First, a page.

By the end of June, the U. S. Supreme Court will deliver its decisions regarding same-sex marriage and, as well, the healthcare law whose controversial provisions include some contraception and abortion coverage.
For those birthing presidential campaigns and those conceiving runs for legislative power and those lusting for criminal court judgeships, The Cider House Rules and Griswold v. Connecticut should be required reading.
Less than a century ago, in 1920, Tennessee lawmakers ratified the 19th Amendment that allowed American women the right to vote in federal elections. The current drive by Republicans and corporate allies to uproot safeguards for privacy and women's rights undermines that legacy.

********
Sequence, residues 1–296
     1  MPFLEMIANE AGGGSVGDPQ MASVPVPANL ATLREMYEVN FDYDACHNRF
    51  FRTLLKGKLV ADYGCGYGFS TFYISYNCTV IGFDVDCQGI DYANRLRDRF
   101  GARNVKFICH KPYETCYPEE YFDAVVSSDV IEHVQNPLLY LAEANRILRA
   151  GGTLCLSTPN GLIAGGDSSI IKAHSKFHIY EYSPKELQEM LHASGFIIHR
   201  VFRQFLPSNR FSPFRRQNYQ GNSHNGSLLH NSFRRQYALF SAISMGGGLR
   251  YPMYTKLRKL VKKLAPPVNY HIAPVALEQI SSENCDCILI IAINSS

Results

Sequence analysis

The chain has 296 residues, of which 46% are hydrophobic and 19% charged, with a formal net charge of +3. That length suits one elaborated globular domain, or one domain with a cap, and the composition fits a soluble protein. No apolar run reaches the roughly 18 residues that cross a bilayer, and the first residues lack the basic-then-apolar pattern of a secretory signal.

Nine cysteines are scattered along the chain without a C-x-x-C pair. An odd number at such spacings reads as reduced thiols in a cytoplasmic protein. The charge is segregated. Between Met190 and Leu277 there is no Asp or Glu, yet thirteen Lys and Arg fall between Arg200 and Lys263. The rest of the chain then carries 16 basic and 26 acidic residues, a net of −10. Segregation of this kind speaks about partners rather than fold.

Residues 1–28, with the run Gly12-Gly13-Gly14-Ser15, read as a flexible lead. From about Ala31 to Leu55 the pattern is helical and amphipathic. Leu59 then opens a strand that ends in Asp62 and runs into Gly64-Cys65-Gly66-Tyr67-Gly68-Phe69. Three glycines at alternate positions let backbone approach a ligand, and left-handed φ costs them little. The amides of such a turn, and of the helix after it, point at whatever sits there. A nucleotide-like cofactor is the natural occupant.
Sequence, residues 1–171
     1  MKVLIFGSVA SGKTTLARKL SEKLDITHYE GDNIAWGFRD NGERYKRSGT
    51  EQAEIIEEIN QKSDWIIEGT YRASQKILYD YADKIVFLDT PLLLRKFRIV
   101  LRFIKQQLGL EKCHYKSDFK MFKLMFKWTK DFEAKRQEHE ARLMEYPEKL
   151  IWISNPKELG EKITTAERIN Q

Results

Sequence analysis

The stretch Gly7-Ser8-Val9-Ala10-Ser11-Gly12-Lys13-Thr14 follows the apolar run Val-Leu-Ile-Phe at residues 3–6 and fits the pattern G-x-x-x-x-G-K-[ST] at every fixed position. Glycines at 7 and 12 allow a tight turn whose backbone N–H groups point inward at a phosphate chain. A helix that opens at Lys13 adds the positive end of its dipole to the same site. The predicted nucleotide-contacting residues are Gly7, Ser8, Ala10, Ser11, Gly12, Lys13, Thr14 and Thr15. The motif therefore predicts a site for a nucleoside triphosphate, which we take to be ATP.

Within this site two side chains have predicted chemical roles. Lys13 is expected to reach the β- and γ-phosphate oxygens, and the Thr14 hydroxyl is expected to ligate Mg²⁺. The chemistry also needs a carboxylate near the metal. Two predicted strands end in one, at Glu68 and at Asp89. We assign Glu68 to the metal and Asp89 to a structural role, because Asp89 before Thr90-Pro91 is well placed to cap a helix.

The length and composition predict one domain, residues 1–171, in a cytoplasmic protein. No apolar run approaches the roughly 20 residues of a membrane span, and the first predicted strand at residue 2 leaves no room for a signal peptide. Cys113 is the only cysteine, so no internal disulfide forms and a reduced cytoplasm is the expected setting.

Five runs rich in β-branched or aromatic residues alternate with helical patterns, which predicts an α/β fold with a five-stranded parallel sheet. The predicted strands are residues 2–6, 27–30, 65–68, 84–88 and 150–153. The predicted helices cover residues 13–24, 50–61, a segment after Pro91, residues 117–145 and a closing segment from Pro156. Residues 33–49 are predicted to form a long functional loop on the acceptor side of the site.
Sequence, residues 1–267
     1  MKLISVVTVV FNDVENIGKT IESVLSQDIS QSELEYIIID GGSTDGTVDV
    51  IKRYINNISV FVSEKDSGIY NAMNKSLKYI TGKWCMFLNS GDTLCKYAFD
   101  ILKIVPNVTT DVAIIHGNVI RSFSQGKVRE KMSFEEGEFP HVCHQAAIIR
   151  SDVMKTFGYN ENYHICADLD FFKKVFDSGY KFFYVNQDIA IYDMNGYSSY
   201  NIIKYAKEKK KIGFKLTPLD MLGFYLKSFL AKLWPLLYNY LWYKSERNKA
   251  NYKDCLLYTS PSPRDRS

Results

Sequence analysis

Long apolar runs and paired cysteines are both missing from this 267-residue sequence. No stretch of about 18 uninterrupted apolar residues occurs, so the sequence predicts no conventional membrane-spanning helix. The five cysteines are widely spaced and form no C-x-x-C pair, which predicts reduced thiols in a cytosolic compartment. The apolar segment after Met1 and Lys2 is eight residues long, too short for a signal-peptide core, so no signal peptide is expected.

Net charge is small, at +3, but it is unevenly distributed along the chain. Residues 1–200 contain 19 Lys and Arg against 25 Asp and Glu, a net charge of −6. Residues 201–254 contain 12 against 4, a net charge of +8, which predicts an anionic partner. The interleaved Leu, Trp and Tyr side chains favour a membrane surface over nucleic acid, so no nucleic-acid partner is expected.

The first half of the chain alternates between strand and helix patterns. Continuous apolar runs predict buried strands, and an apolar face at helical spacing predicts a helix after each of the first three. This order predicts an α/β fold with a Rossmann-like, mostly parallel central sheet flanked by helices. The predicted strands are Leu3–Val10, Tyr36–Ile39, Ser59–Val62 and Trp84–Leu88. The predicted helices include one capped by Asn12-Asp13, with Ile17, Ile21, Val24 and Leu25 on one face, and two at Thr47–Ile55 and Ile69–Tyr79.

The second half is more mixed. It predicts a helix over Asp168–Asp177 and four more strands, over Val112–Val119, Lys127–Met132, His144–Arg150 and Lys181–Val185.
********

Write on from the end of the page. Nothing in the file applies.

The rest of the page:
If women's right to use contraception is to mean anything at all -- if their individual right to make their own health decisions based on their own religious and ethical beliefs is to be a reality -- those rights must be protected by law from the interference of their employers.
As a female member of a younger generation, it is not only discouraging, but frightening, to see what's happening across the nation. I hope to grow up in a society that recognizes and upholds the reproductive rights of women.
If the next president is a Republican who gets to replace the ailing Ruth Bader Ginsburg with a judicial conservative, the right to privacy could be a thing of the past and states could enact laws which would pass Constitutional muster restricting access to birth control.